We have a summer schedule with chores, Bible reading (God doesn’t take the summer off), and an hour or more of school. Usually everyone does math, and then the children work in whatever subjects they are poor in. For some, that may be just practicing their reading. For others, they have to repeat a course they did poorly in. We spend 60 minutes per day in the garden, usually early in the day. I leave the afternoons unscheduled. We still do weekly projects, but they are usually outside work. We keep the school-year rules of only 30 minutes of computer per day, which they have to earn by doing a typing lesson first and not scoring below a set level of words/errors per minute.

Buy board games, and provide arts and crafts supplies. At our home if the children say, “I’m bored” or something equivalent, they get a job from the project list. If they act like they are at loose ends, I suggest something fun or creative. The suggestion MUST be taken and usually after the first few minutes, they get into it and enjoy themselves. This has taught them all to be productive and not to mope around or Mom finds them something to do.

From: Mom E
We do school in the summer but only the things we think the children need extra work in, like handwriting, or things they really enjoy, like reading. We also do math facts practice so they don’t forget it over the summer. All of that probably takes about 20 minutes. We are doing our state history this summer just to prevent the day being too long during the regular year. We also do Bible every day whether we do school or not. Each person also has time for individual time in the Word each day.

I’m filling up our schedule with things like gardening, project time, playing outside, computer time, educational games, time with each parent, time with each other (we have 2 children) and time spent playing alone. We recently discovered that our eleven-year-old couldn’t play alone. He is the younger of the two and had never had to play by himself. He had no idea what to do, so we added alone time each day to his schedule so he can learn to play or work on his own.

Once we add in daily and weekly chore times and piano practice, our schedule is pretty full. Of course, we do have meal times, family time, and family devotions each day as well.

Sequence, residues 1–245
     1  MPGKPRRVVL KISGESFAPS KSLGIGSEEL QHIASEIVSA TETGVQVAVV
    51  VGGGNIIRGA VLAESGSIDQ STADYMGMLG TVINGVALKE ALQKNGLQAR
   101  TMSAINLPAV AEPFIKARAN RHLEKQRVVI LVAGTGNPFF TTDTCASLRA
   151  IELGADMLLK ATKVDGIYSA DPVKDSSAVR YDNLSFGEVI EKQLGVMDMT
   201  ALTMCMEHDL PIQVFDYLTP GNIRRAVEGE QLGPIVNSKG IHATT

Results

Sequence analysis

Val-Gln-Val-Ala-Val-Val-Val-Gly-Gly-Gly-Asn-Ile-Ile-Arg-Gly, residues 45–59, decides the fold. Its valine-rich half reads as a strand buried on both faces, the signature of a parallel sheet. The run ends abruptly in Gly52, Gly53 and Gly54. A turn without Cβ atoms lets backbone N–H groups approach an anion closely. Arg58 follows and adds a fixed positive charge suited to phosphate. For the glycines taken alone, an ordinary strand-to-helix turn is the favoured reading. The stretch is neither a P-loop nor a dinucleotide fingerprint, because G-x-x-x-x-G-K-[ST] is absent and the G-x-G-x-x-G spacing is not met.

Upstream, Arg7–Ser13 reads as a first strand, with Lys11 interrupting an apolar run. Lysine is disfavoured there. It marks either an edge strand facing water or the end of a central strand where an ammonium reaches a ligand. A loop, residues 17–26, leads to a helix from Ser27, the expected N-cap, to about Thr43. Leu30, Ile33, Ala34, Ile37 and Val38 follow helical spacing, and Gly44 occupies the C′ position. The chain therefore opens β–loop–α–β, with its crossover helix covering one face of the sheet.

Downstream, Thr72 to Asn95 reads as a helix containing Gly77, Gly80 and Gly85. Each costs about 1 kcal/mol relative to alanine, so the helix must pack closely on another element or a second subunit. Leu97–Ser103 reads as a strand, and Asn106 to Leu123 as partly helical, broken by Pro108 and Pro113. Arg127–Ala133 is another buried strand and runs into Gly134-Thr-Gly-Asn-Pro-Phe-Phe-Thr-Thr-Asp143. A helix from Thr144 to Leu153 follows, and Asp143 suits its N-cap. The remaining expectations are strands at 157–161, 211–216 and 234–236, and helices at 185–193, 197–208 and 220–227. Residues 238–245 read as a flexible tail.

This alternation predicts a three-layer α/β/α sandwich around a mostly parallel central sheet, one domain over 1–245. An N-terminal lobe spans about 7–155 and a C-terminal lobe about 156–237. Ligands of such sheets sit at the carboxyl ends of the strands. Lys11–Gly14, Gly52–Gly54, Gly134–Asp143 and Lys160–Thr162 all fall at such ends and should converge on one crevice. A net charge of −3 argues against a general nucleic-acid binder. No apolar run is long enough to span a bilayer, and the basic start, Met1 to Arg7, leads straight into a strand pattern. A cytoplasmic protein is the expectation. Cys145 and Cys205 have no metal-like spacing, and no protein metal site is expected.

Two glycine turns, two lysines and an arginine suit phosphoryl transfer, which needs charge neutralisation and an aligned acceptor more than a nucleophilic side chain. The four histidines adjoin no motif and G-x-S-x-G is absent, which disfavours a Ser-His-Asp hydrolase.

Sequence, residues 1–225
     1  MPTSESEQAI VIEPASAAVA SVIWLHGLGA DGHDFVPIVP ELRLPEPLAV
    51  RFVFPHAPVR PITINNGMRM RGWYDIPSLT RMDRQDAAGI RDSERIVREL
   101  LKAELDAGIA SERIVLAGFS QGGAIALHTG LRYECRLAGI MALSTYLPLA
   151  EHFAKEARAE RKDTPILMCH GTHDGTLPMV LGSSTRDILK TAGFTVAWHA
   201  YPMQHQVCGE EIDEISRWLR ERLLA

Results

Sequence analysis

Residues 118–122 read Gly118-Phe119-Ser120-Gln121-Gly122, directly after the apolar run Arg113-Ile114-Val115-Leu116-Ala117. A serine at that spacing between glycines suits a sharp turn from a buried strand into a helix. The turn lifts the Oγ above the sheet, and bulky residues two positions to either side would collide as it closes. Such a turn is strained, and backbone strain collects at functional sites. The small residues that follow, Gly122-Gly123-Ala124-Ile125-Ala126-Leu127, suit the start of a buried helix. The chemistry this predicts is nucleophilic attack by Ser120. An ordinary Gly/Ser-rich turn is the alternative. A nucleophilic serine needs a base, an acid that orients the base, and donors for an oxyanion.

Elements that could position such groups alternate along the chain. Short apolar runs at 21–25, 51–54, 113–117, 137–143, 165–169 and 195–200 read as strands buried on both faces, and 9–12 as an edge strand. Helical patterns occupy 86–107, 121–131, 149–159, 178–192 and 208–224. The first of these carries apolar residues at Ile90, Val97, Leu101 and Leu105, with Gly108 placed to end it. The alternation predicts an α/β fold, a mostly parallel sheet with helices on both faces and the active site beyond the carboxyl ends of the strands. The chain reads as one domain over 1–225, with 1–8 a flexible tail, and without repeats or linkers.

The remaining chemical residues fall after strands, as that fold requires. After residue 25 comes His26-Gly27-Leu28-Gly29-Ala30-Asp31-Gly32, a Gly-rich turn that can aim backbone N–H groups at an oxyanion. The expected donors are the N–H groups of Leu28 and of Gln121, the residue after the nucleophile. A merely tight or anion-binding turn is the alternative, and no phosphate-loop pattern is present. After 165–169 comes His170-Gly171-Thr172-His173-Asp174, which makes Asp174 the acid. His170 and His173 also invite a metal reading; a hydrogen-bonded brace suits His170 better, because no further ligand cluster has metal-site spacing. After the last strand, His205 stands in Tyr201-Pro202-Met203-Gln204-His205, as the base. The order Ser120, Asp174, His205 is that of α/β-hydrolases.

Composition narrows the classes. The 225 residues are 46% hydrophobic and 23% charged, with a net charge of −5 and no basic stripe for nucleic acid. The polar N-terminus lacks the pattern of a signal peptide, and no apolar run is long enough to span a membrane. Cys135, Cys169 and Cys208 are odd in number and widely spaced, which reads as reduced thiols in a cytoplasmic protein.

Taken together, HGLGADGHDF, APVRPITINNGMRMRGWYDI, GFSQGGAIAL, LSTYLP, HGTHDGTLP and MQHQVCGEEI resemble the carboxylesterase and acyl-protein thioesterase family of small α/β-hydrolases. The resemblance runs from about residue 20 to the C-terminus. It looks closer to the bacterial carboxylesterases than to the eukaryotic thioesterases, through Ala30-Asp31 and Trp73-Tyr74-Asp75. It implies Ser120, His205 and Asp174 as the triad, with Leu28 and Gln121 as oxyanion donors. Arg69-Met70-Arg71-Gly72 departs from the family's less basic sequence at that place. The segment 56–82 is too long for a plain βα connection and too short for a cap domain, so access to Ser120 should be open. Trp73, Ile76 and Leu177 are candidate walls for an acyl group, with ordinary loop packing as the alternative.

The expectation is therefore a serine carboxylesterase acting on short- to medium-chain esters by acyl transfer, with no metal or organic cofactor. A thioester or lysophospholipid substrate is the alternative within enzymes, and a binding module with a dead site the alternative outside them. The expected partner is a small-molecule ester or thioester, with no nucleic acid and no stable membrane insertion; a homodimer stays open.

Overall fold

From: Mom F
We plan on having our regular morning routine this summer, which includes: Wake, dress, groom, daily chores, breakfast, and cleanup. Then we will have our Bible time and an hour of “school.” We are going to do reading, educational games, and math drills. I plan on having the older children help me with the younger ones for activities such as listening to them read and playing games with them. After this time, they will get outside time until lunch. After lunch, we will have rest and reading time, and then I plan to have a project time. They will get free time again until supper.

Do you see how these moms are using their schedules to make sure they are having productive summers? I love the change of pace our summer months provide. However, I dislike looking back on those weeks and feeling they were wasted. A schedule gives us freedom: freedom to accomplish what the Lord wants me and my children to do with those summer hours. From reading about how these other moms are using their summer schedules, I believe you will glean ideas for your own schedule. I encourage you to make a summer schedule. If you need help with how to schedule, the Managers of Their Homes book is a how-to primer on scheduling for homeschool families, including a chapter on summer scheduling. Use your summer schedule to be profitable with your summer days. Look back on those weeks with no regrets.